2. The degree of physical functional impairment associated with mood disorders was of equivalent magnitude to that associated with the presence of chronic medical conditions or with being some 12 years older.

  3. Comorbidity of chronic medical conditions and prevalent mood disorder was associated with additional impairment in self-reported physical but not mental functional status beyond that associated with the presence of only one condition.

LIMITATIONS

  1. Results are based upon a cross-sectional analysis and therefore provide no insight into the direction of effects.

  2. Participants were not a random sample of the population but we doubt that this is a source of significant bias. Other work has shown the study population to be representative of the general resident population of England in terms of anthropometric, lifestyle and biological variables.

  3. Differences in functional status between those with and without any of the defined chronic medical conditions may have been underestimated owing to other conditions being prevalent in the group defined as ‘disease-free’. However, we believe that such bias is likely to have been minimal in the context of the size of the study population.

Acknowledgements

We thank the participants and general practitioners who took part in this. study and the staff associated with the research programme. EPIC–Norfolk. is supported by programme grants from the Cancer Research Campaign and the. Medical Research Council, with additional support from the Stroke Association, the British Heart Foundation, the Department of Health, the Food Standards. Agency, the Wellcome Trust and the Europe Against Cancer Programme of the. Commission of the European Communities.

Footnotes

Declaration of interest

None. Funding detailed in Acknowledgements.

References

American Psychiatric Association (1994) Diagnostic and Statistical Manual of Mental Disorders (4th edn) (DSM-IV). Washington, DC: APA.Google Scholar
Brown, N. Melville, M. Gray, D. et al (1999) Quality of life four years after acute myocardial infarction: short form 36 scores compared with a normal population. Heart, 81, 352358.CrossRefGoogle ScholarPubMed
Day, N. Oakes, S. Luben, R. et al (1999) EPIC-Norfolk: study design and characteristics of the cohort. British Journal of Cancer, 80 (suppl. 1), 95103.Google ScholarPubMed
Department of Health (2002) Prescriptions Dispensed in the Community. Statistics for 1991 to 2001: England. London: Department of Health.Google Scholar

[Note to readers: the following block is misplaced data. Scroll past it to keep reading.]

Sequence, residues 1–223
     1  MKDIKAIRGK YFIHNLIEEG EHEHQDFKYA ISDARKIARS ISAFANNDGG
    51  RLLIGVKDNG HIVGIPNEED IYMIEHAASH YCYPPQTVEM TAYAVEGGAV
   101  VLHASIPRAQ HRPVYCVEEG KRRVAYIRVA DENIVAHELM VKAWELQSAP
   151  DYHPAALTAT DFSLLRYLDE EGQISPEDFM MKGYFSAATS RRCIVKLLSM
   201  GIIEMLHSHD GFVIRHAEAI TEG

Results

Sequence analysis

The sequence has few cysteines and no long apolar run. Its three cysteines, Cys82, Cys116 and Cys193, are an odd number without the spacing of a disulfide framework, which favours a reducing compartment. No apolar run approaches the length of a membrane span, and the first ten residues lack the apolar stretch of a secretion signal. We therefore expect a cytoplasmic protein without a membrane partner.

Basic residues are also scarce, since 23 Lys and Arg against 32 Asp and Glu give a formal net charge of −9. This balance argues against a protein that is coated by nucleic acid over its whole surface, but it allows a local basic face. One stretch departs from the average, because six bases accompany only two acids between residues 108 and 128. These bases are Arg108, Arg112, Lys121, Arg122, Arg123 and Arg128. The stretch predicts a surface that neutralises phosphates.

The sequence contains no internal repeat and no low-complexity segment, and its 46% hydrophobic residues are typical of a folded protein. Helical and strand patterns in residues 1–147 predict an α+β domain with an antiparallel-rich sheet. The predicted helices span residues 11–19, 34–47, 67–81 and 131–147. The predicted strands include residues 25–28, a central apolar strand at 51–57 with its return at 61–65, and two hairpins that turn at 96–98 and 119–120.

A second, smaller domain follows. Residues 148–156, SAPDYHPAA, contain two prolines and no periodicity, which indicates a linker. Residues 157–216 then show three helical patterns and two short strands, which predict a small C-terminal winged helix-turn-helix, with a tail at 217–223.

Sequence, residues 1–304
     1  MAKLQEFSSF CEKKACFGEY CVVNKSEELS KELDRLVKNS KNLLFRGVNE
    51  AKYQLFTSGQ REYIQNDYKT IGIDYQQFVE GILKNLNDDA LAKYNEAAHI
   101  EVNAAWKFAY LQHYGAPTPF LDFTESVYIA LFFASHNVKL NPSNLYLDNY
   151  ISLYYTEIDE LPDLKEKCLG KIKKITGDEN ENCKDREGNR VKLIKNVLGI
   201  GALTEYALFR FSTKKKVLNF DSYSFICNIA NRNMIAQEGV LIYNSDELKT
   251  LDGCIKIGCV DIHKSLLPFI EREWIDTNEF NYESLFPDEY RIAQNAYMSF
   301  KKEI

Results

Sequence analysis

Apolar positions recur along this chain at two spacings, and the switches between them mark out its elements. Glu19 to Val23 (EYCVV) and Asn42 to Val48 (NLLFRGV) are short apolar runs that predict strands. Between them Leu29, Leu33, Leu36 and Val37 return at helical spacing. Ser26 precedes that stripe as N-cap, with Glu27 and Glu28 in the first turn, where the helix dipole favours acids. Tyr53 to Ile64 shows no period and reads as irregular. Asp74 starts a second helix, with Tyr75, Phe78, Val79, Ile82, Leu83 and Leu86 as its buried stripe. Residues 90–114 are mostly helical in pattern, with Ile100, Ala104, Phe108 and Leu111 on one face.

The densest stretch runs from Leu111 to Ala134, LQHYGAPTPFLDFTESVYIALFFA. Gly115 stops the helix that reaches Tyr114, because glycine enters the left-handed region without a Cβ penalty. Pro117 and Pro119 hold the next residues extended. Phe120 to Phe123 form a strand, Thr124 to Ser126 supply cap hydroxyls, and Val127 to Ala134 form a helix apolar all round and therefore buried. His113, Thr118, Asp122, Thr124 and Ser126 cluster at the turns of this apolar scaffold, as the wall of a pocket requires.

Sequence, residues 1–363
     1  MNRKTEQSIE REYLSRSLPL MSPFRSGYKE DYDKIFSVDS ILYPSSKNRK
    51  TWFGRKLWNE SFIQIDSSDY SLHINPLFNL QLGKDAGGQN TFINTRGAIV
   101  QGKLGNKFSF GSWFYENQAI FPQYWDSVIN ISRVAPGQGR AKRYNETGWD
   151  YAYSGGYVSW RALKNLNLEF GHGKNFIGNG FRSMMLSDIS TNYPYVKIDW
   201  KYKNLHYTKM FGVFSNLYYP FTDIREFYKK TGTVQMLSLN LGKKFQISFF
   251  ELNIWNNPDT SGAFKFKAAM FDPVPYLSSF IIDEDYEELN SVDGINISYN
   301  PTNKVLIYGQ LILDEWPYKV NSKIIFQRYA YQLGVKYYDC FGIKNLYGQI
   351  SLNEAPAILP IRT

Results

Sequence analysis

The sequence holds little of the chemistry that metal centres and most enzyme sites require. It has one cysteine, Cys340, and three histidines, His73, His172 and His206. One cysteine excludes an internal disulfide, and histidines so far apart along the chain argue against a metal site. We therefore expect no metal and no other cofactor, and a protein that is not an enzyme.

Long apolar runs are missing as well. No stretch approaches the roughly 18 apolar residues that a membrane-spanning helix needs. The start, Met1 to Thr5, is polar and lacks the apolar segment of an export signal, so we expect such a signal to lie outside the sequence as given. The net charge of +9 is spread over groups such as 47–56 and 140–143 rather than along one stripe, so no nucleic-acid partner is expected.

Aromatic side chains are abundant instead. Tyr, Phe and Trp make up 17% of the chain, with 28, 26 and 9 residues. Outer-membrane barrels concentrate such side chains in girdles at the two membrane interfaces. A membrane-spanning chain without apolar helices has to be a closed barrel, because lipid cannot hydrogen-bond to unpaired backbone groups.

Horwath, E. Cohen, R. S. & Weissman, M. M. (2002) Epidemiology of depressive and anxiety disorders. In Textbook in Psychiatric Epidemiology (2nd edn) (eds Tsuang, M. T. & Tohen, M.), pp. 389426. New York: Wiley-Liss.CrossRefGoogle Scholar
Jenkinson, C. (1999) Comparison of UK and US methods for weighting and scoringtheSF-36 summary measures. Journal of Public Health Medicine, 21, 372376.CrossRefGoogle ScholarPubMed
Judd, L. L. Akiskal, H. S. Zeller, P. J. et al (2000) Psychosocial disability during the long-term course of unipolar major depressive disorder. Archives of General Psychiatry, 57, 375380.CrossRefGoogle ScholarPubMed
Kendrick, T. (2000) Why can't GPs follow guidelines on depression? We must question the basis of the guidelines themselves. BMJ, 320, 200201.CrossRefGoogle ScholarPubMed
Kessler, R. C. DuPont, R. L. Berglund, P. et al (1999) Impairment in pure and comorbid generalized anxiety disorder and major depression at 12 months in two national surveys. American Journal of Psychiatry, 156, 19151923.Google ScholarPubMed
Murray, C. J. L. & Lopez, A. D. (1996) The Global Burden of Disease: a Comprehensive Assessment of Mortality and Disability from Diseases, Injuries, and Risk Factors in 1990 and Projected to 2020. Global Burden of Disease and Injury Series: Vol. 1. Harvard School of Public Health on behalf of the World Health Organization and the World Bank; distributor Cambridge, MA: Harvard University Press.Google Scholar
Ormel, J. (2000) Synchrony of change in depression and disability – what next? Archives of General Psychiatry, 57, 381382.CrossRefGoogle ScholarPubMed
Ormel, J. Vonkorff, M. Ustun, T. B. et al (1994) Common mental disorders and disability across cultures – results from the WHO Collaborative Study on Psychological Problemsin General Health Care. JAMA, 272, 17411748.CrossRefGoogle Scholar
Penninx, B. W. J. H. Guralnik, J. M. Ferrucci, L. et al (1998) Depressive symptoms and physical declinein community-dwelling older persons. JAMA, 279, 17201726.CrossRefGoogle Scholar
Prince, M. J. Harwood, R. H. Thomas, A. et al (1998) A prospective population-based cohort study of the effects of disablement and social milieu on the onset and maintenance of late-life depression. The Gospel Oak Project VII. Psychological Medicine, 28, 337350.CrossRefGoogle ScholarPubMed